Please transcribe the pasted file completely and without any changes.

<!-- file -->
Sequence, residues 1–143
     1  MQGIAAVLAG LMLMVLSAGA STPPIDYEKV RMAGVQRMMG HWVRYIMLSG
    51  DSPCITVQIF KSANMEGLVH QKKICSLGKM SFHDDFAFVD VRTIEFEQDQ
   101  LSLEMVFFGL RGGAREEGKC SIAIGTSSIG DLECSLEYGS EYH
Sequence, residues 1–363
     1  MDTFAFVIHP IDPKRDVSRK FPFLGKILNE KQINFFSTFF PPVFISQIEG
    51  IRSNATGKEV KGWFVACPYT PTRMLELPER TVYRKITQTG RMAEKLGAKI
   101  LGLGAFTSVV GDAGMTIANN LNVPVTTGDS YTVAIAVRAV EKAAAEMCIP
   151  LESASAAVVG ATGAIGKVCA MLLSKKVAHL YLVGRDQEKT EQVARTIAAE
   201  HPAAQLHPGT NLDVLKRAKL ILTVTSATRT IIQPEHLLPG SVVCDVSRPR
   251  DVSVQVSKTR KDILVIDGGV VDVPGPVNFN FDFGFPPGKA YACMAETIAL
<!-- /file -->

Sequence, residues 1–143
     1  MQGIAAVLAG LMLMVLSAGA STPPIDYEKV RMAGVQRMMG HWVRYIMLSG
    51  DSPCITVQIF KSANMEGLVH QKKICSLGKM SFHDDFAFVD VRTIEFEQDQ
   101  LSLEMVFFGL RGGAREEGKC SIAIGTSSIG DLECSLEYGS EYH
Sequence, residues 1–363
     1  MDTFAFVIHP IDPKRDVSRK FPFLGKILNE KQINFFSTFF PPVFISQIEG
    51  IRSNATGKEV KGWFVACPYT PTRMLELPER TVYRKITQTG RMAEKLGAKI
   101  LGLGAFTSVV GDAGMTIANN LNVPVTTGDS YTVAIAVRAV EKAAAEMCIP
   151  LESASAAVVG ATGAIGKVCA MLLSKKVAHL YLVGRDQEKT EQVARTIAAE
   201  HPAAQLHPGT NLDVLKRAKL ILTVTSATRT IIQPEHLLPG SVVCDVSRPR
   251  DVSVQVSKTR KDILVIDGGV VDVPGPVNFN FDFGFPPGKA YACMAETIAL